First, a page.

Interview with Julia Chain, Huron Legal
Shift in legal services market and the UK Legal Services Act as chance for MDP and ABS
Julia Chain is a Managing Director of Huron Legal and was General Counsel of T-Mobile UK as well as a member of its Executive Board. Furthermore she served as managing partner of Garretts, the law firm associated with Andersens. In that capacity Julia was the first female managing partner in the UK of a top 100 law firm, after having worked at Shearman & Sterling as well as Herbert Smith. Julia was deputy chair of the UK Commission for Racial Equality and is also a former member of the academic council and a visiting professor of practice at BPP, the UK's leading professional services and training organization. She also is a most distinguished member of the Law & Management Expert Committee of the University of St. Gallen’s Executive School of Management, Technology and Law (ES-HSG). Julia was interviewed by Leo Staub.
Julia, in one of your recent interviews you pointed out that in the late 90’s Garretts was on its way to become the first truly global law firm. At that time, you were Garretts’ managing partner. What was it the law firm was heading for?
Well, we had the idea to create a multi-disciplinary practice in order to offer clients a one-stop-shop in the fields of accounting, tax, and legal. Garretts was founded by Andersens to help accomplish this strategic goal. Whereas Garrets, due to its team of very fine lawyers, was quite successful the collaboration with Andersens never really worked the way it was intended to. Even though accountants from Andersens often had long lasting relationships with first rate corporate clients they were hesitant to recommend Garretts as their law firm of choice. The gap in reputation between the young firm of Garretts and the well-established so called “Magic Circle”-firms was just too big. Nevertheless, I did see a great opportunity in creating a strong global brand by joining up with the many other law firms Andersens had invested in. These law firms were spread all over the world, not including the U.S. At that time the “Magic Circle”-firms were only beginning to think about expanding to other markets. Garretts could have had a clear first-mover-advantage but Andersens’ top management did not want to take the risk and soon Enron put an end to both Garretts and Andersens.
Does the UK Legal Services Act 2007 open new opportunities for ideas of the kind you had in the 90’s?
That may well be! The Legal Services Act is in the process of liberalizing the law firm business in the UK. It is now possible to establish so called Multi Disciplinary Practices (MDP) as well as Alternative Business Structures (ABS). Law firms or MDPs are allowed to be operated by non-lawyers. They can even be listed on a stock exchange and therefore have a majority of non-lawyers as equity holders. If one of the “Big 4”-accounting firms would decide to revitalize the idea of a one-stop-shop for their clients one way to do this would be to buy a law firm. The law firm could be established as an ally or even be fully integrated, if not in all, at least in some jurisdictions.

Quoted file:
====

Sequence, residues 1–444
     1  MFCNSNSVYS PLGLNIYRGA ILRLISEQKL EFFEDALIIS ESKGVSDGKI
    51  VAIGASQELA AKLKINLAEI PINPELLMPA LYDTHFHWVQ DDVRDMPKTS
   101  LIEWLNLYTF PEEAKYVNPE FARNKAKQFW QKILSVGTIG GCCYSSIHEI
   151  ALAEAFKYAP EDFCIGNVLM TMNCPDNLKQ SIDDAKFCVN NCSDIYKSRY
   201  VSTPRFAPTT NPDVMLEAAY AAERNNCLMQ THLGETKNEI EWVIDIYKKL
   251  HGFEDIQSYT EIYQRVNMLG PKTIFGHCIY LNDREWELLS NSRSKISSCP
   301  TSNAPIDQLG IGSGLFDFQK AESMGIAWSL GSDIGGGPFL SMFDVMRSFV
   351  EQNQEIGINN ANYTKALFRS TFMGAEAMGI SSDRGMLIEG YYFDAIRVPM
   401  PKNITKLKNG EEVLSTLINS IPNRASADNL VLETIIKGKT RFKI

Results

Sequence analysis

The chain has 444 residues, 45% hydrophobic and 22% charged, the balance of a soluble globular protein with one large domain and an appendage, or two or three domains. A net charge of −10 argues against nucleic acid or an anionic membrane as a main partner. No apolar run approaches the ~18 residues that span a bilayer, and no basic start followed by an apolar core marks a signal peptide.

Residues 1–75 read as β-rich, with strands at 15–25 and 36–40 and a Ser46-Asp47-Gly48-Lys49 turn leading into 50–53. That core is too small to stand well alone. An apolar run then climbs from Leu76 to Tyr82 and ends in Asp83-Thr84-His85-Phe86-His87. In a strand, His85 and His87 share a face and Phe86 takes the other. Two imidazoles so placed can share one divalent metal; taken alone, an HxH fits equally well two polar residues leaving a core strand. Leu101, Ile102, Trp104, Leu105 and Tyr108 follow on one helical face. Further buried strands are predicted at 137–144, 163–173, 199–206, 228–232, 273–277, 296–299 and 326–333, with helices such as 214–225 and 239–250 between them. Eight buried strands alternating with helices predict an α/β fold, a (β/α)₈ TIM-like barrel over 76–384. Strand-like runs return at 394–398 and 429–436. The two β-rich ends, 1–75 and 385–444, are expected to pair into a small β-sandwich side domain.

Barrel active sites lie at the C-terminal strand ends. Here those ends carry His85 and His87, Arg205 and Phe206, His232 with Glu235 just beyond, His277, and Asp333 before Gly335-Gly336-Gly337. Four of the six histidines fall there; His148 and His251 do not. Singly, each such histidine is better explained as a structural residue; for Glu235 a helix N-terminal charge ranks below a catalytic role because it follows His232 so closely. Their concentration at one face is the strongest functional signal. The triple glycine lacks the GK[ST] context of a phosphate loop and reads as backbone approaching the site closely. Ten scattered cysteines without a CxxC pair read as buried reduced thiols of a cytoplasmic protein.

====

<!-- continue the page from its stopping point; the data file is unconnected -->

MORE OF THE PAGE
Why would such a venture have a better chance to be successful than the Garretts project?
The legal markets have changed dramatically since the 90’s and will continue to do so in the near future. Today, corporate clients are increasingly willing to restrict the use of high-end law firms to problems of great complexity. All other legal work is either done by the in-house legal department itself, given to non-“Magic Circle” firms or even to Legal Process Outsourcers (LPO), which specialize in legal commodities such as due diligence, legal research, or contract management. Legal work will be chunked. Accounting firms have done this for years. They know how to make the triage between high-end-work, solid every-day-advice, and commodities. Established law firms have yet to learn this. They tend to offer everything their clients ask for, no matter if they are fit for the task or not. Thus, it actually could be the right time now for one of the big accounting firms to buy in to the legal market and make a serious attempt to shape a truly global MDP that suits its clients’ needs.
If the legal world is going to be parted in high-end law firms on the one side and legal commodities providers on the other side what role will be left for the most part of the firms today, the “middle segment” of the market?
That indeed is a difficult question. On top of what we just discussed we definitely see a trend in in-house legal departments more to and more in-sourcing valuable legal work. This trend means for middle segment law firms that they are less frequently instructed in the types of work which traditionally were their ‘bread and butter’ business. So, the majority of law firms are squeezed. There of course will always be such law firms. It might be smart though to look for a strategic position in a timely fashion which would allow these firms to provide answers to the new demands of their clients. Why not develop special skills in project management and in collaborating with other players in the market such as LPOs? This could enable law firms to offer all the services their clients ask for: (1) legal advice in the fields the law firm is specialized in, (2) triage between the work that should be either done by the law firm itself or others (high-end or commodity providers), and (3) project management when parts of the work is done by different legal services providers. Such a business model could be very promising, especially, but not restricted to, cases where clients do not maintain their own in-house legal department.